“Politicians may deal in terminological inexactitudes, but I can’t think of many black-is-white, war-is-peace practitioners as downright deceptive as Iain Duncan Smith. Originally, the question was whether to put it down to simple stupidity, as he didn’t understand that the numbers he promised were impossible. Yesterday, poring over his big speech on welfare reform, a few of the more polite experts spoke of his “magical thinking”. But his motives and state of mind hardly matter to the millions affected by his evidence-free, faith-based policy-making.”

Diversity Hire

As always, Hugh Muir can be relied upon to excavate the Sayeeda Warsi resignation and tease out the nub of the issue of diversity in the workplace – it’s not enough to get brown faces at the table if you don’t listen to them. Of course, that doesn’t mean you do everything they say, but if you don’t get a decent hearing, get taken seriously, or if your views are dismissed out of turn, then of course, after a while, you give up.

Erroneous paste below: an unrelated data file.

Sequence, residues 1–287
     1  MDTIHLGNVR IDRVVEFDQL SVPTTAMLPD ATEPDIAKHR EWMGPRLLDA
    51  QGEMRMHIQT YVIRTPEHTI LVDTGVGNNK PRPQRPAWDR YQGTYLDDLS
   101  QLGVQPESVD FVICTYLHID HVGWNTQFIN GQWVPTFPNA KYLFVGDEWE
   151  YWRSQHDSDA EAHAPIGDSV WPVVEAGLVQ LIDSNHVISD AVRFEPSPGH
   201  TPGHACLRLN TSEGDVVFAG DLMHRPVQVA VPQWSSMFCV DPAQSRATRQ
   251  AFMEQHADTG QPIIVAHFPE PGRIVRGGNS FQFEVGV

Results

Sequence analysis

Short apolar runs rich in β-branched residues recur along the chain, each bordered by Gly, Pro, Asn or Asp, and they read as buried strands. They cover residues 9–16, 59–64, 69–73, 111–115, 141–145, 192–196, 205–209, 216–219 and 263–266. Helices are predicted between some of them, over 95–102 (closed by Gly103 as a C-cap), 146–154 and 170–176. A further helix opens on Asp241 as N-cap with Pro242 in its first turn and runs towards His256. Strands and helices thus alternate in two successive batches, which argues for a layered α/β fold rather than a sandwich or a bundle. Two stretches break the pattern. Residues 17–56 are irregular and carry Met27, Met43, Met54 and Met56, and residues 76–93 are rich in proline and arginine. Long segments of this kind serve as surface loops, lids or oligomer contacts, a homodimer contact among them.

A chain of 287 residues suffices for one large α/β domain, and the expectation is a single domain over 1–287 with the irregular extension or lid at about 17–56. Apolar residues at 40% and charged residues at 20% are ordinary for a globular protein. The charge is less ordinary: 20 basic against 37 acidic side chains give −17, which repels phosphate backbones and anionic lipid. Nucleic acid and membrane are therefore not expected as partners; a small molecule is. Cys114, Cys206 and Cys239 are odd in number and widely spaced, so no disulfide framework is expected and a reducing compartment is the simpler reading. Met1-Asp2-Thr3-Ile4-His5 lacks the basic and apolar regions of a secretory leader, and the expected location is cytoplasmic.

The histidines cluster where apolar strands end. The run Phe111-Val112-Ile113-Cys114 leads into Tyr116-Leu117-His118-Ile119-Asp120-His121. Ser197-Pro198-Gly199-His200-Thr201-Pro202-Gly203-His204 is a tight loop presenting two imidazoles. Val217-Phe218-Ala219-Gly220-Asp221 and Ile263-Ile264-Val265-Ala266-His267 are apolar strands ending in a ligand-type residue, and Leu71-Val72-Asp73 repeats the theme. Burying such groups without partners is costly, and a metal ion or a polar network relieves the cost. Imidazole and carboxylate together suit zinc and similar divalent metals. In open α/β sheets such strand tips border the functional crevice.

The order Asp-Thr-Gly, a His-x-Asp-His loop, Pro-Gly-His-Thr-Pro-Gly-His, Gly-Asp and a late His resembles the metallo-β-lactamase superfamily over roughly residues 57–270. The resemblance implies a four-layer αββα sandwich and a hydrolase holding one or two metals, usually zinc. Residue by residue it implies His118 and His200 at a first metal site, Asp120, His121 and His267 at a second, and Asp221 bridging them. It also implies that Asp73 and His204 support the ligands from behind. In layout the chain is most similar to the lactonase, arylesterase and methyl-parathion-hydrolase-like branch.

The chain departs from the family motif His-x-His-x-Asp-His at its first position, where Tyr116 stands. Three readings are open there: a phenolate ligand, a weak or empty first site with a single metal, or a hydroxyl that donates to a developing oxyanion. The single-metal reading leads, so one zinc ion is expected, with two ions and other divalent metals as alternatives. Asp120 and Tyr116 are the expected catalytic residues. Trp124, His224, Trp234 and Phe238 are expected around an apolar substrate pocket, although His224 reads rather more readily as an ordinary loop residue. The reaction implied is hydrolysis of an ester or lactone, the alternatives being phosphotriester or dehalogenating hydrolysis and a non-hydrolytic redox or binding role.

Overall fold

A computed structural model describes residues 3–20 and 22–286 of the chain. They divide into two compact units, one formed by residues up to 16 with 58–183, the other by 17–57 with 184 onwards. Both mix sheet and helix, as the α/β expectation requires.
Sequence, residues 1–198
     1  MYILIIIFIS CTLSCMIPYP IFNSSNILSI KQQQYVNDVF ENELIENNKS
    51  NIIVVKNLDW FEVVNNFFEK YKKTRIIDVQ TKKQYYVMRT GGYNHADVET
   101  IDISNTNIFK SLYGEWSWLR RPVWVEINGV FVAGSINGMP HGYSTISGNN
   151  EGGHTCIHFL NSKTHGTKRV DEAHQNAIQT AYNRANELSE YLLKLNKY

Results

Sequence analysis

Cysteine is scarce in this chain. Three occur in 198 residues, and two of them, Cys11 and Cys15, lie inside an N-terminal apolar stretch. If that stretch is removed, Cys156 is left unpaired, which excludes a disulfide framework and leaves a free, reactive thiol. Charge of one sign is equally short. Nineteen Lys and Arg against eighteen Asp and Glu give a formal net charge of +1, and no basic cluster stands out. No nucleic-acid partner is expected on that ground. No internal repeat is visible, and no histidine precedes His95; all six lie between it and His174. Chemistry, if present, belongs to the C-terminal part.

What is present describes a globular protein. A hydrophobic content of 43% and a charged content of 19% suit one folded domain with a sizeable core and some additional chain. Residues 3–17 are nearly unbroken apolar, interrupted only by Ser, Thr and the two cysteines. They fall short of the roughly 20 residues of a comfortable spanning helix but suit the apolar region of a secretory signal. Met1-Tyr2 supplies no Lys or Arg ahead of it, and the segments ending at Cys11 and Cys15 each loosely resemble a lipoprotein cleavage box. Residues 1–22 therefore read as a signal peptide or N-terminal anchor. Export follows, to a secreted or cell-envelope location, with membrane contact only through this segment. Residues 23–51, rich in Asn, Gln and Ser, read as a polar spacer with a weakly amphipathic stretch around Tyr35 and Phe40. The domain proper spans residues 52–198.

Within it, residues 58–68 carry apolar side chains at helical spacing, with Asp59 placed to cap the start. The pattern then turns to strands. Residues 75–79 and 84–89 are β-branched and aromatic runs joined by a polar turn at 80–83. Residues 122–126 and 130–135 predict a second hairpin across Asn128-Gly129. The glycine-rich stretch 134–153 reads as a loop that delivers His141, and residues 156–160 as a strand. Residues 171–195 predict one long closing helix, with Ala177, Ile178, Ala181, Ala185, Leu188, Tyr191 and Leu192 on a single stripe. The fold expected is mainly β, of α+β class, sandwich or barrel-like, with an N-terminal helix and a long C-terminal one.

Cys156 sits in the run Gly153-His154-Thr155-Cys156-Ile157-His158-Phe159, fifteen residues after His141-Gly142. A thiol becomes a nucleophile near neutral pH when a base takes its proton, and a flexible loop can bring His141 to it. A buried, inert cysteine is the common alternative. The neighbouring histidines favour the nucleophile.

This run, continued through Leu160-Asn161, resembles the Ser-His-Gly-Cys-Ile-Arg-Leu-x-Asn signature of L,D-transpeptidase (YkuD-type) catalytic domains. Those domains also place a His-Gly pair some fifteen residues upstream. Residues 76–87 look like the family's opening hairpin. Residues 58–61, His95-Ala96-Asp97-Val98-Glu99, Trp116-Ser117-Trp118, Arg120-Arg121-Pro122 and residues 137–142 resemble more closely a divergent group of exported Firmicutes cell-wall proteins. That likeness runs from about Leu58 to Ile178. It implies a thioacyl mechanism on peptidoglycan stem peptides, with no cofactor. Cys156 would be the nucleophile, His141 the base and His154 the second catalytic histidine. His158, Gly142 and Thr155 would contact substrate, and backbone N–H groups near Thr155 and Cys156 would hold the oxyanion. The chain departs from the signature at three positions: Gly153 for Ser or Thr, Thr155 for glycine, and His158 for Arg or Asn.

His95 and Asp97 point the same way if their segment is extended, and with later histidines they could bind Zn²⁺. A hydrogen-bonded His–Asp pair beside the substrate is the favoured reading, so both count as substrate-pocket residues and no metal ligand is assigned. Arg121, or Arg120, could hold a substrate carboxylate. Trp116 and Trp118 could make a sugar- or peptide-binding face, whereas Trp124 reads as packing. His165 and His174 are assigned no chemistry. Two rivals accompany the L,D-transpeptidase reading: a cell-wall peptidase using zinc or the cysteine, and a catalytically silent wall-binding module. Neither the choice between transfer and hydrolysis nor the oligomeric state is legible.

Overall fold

And that’s not just a personal loss, the organisation loses out too. The point of getting more varied voices around the table is to have a better conversation and to effect change. And for political parties it’s not just electorally expedient to do so (Janan Ganesh makes this point brilliantly in the FT), it’s morally right to better reflect the country you may govern, with all its different constituencies.

“She brought diversity to government, not just because she is brown-skinned, northern and Muslim, but because her background and experiences gave her a different worldview. Diversity has to mean something other than different hues and genders around the board or cabinet table. It is also about the infusion of different perspectives from which new options and thinking might emerge.”